Learning From CyberCrooksBy Ericka Chickowski | Posted 04-22-2009
If security vendors are to truly help customers strengthen their infrastructure, they need to take a page from the cybercriminals, Art Coviello told the crowd at the RSA opening keynote this week. The adversaries have developed a collaborative ecosystem marked by innovation and agility, he explained, one which works as well as any interdependent system within the legal marketplace.
"This group has some unique advantages. Unlike you, they are not bound by rule of law, they are not bound by SLAs beyond a basic honor among thieves, and they are not bound by governance," Coviello said. "They collaborate, both offline to build their attacks and online in real time. And they've found ways to create relationships to build their supply chain."
In order to succeed against such adversaries, the security community needs to do a better job of working together to build a common security framework.
"Security technologies are still being applied piecemeal, cluttering the landscape and leaving perilous gaps," Coviello said, explaining that this approach sprung forth from IT's ad hoc development.
"If you think about it, our core business structures evolved with no overarching design or master plan," Coviello said. "As new technologies emerged, they were stacked one on another in what one IT executive in the audience referred to as a leaning tower of technology on the brink of collapse."
As a result, too many security products have been designed to only protect a single element of the infrastructure.
Coviello's vision of collaboration revolves around taking the four steps of security--policy management, policy decisions, policy enforcement and policy audits--and decoupling them from the point products so that these steps are performed across the entire infrastructure in one cohesive step. As he explained it, such a decoupling shouldn't strip individual point products of function, but instead should allow them to work interdependently.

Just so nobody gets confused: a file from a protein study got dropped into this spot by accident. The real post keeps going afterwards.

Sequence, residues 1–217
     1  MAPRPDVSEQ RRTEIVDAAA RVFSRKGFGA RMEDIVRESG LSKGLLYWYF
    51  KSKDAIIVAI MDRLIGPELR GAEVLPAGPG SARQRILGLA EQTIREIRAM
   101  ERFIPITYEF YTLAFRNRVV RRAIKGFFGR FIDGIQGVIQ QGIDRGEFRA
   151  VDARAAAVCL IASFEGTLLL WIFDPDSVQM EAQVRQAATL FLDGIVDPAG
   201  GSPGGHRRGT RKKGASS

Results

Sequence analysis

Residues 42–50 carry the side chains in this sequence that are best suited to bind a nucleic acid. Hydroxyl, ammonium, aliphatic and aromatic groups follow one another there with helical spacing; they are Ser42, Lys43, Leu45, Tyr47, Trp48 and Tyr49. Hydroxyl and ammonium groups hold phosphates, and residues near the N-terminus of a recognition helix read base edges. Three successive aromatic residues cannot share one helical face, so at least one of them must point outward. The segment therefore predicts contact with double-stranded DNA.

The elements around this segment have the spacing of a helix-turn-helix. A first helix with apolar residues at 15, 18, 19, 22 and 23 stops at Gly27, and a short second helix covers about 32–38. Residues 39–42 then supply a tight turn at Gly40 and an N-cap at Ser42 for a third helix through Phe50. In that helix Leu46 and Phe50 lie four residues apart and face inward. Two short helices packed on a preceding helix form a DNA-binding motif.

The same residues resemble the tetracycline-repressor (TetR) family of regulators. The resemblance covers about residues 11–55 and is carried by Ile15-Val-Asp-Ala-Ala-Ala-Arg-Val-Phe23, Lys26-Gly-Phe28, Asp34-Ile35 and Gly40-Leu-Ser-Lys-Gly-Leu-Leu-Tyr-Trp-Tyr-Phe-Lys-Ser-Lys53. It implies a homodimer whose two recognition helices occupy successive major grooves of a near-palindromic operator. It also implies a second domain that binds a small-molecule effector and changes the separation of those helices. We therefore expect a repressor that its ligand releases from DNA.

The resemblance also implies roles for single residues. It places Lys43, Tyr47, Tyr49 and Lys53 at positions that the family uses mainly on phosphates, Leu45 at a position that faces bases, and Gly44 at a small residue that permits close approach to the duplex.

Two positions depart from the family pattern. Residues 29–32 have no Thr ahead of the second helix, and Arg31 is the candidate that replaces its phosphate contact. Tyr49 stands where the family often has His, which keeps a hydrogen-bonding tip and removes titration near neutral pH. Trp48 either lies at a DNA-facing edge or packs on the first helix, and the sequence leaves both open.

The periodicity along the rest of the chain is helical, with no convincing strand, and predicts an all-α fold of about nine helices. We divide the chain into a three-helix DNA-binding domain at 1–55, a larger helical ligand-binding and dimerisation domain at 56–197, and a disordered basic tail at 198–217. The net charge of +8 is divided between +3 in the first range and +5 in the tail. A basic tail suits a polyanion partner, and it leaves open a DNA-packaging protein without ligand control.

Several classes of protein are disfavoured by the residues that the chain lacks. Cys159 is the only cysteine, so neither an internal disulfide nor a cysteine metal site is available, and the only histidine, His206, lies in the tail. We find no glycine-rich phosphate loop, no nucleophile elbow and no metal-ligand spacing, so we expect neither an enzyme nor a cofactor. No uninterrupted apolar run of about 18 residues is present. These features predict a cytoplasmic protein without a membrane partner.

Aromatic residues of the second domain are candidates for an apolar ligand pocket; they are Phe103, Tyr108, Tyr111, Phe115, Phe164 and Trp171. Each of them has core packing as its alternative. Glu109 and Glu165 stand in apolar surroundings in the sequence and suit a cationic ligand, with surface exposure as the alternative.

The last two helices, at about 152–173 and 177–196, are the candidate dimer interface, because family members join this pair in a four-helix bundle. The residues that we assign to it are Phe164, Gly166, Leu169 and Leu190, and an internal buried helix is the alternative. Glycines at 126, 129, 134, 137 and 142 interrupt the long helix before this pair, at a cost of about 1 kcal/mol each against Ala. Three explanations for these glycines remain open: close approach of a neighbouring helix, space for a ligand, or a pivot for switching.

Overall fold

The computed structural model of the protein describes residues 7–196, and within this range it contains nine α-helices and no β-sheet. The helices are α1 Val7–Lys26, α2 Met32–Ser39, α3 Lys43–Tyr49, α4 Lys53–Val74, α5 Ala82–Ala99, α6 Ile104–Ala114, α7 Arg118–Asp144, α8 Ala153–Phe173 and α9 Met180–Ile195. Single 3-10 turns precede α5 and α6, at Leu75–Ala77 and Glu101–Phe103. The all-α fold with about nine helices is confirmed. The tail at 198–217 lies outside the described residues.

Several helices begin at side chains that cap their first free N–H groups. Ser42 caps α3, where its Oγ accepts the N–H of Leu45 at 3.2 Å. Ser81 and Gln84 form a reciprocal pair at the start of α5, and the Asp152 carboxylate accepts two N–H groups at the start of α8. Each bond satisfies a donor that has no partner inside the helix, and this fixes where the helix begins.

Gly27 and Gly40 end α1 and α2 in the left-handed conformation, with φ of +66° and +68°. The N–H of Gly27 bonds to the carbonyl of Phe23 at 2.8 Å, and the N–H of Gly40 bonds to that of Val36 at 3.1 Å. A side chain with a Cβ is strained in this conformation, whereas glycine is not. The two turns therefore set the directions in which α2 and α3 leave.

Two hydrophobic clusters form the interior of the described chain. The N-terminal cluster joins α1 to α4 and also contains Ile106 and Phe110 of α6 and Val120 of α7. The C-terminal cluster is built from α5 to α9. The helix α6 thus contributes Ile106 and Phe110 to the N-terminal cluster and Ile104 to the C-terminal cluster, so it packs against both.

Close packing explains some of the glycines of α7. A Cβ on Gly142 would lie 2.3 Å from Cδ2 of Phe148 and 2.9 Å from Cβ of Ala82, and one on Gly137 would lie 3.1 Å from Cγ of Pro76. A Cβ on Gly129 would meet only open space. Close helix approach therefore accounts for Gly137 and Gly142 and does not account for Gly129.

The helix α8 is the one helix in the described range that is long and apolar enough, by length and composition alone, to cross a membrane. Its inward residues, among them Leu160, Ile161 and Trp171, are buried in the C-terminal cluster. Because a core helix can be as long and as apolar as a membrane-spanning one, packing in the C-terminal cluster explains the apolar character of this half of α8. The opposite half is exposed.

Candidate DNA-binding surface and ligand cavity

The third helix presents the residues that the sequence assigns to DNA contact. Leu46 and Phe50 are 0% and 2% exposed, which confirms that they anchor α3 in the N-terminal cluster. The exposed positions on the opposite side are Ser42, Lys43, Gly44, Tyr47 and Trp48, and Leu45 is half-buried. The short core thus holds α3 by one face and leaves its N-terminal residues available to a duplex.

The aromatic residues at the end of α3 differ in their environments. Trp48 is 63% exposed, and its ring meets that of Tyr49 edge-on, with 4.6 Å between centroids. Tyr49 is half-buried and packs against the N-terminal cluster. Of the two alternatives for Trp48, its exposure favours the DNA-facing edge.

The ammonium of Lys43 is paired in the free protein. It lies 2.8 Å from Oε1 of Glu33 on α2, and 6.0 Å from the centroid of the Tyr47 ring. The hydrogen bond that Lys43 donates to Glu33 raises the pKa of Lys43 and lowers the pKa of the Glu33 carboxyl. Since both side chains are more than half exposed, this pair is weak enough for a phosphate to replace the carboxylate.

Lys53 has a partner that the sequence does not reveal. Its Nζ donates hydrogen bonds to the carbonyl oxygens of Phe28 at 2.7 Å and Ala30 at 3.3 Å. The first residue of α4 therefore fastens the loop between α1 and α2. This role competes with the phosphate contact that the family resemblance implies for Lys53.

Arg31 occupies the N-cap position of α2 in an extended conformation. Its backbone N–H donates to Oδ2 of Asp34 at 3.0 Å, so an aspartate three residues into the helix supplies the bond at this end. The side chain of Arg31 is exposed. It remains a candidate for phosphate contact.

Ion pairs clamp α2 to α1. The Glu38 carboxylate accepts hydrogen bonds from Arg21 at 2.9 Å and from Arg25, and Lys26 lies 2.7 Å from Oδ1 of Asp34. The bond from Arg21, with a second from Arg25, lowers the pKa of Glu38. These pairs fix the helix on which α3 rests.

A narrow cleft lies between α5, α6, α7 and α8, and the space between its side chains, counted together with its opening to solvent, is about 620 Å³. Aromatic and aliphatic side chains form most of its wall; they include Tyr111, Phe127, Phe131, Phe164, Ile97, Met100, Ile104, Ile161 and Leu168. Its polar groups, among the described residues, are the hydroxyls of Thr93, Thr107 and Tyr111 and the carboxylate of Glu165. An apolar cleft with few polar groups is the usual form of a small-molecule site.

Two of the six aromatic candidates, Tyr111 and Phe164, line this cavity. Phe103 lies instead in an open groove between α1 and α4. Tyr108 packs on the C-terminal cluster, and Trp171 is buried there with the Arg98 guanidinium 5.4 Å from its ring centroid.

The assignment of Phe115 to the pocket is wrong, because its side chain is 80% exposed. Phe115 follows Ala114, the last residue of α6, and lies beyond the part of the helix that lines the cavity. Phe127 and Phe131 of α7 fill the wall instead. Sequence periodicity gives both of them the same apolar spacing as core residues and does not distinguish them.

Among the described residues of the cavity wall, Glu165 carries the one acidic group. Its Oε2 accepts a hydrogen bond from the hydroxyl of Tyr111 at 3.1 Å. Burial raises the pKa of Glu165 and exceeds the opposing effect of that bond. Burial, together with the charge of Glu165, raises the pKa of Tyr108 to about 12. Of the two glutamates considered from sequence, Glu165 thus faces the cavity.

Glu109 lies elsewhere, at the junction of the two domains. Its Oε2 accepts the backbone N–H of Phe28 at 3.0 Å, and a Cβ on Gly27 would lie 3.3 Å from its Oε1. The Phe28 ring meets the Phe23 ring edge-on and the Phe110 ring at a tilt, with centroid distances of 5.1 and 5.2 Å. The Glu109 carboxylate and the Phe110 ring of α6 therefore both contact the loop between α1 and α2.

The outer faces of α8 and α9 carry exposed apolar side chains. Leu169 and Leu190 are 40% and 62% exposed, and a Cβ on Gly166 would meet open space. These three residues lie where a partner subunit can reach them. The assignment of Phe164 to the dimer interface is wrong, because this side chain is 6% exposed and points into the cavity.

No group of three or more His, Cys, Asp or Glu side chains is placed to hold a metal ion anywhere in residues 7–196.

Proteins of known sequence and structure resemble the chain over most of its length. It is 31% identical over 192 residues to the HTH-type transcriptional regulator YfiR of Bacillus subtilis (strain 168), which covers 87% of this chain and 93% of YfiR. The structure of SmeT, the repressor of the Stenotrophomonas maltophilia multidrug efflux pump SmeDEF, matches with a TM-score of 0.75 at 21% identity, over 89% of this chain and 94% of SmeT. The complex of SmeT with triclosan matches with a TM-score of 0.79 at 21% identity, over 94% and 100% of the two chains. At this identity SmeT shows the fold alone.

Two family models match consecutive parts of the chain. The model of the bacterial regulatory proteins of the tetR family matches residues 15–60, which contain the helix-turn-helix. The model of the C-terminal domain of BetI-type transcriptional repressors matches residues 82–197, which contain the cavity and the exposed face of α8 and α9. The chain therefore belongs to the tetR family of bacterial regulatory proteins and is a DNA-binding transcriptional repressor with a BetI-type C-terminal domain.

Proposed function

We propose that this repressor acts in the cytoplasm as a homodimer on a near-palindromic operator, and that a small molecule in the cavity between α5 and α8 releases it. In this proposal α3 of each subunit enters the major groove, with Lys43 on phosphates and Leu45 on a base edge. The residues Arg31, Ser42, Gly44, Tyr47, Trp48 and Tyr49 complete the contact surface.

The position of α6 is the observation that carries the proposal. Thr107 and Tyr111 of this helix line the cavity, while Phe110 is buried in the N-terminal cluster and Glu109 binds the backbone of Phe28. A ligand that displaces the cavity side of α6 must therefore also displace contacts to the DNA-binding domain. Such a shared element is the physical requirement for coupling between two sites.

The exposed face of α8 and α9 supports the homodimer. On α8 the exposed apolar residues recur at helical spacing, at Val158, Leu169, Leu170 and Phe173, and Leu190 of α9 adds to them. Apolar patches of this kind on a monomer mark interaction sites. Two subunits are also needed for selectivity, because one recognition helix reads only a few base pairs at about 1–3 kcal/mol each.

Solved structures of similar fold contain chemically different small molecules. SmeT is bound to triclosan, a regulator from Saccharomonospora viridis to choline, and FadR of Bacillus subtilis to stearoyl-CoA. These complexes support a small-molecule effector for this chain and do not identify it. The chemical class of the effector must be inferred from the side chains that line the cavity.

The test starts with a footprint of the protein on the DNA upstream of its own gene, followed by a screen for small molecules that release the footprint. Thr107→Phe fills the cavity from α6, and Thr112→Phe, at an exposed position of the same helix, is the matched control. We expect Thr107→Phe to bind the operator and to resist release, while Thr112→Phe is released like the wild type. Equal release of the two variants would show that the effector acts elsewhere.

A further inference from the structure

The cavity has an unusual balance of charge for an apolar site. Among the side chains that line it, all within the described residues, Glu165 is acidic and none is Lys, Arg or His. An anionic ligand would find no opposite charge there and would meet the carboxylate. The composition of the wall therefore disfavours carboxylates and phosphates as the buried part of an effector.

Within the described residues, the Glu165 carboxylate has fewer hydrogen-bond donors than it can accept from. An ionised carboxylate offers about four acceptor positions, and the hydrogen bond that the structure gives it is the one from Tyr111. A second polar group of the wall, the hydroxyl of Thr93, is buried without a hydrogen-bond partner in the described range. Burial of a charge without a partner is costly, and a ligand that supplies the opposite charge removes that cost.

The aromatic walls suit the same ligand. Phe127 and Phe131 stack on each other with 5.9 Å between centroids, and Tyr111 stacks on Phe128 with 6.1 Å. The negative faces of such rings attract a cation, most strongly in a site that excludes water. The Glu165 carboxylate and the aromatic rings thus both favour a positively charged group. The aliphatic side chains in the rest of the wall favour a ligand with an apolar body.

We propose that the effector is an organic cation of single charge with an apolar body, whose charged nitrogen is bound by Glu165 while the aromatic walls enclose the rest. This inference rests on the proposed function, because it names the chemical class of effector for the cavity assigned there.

"No one wants to know if one particular point product is working; they want to know if the entire (security) infrastructure is working," Coviello said. "In the Web 2.0 world, we've seen the power of mashups. So why not in the security world?"
As he explained, the answer is not a single cohesive product from one vendor. Instead, it requires 'inventive collaboration' from a number of partners to interweave their solution into an adaptable ecosystem as good as the bad guys'.
Coviello outlined three ways the security vendor community can breathe life into this ecosystem. First, vendors must collaborate more on security standards.
Second, they have to be better about sharing technology with one another in order to improve their firepower against the criminals.
And last, they need to enhance technology integration in order to embed security into the infrastructure.
Security practitioners out in the field also have a role in this collaborative process, Coviello said: "Vendors must take the lead, but practitioners must demand this of us."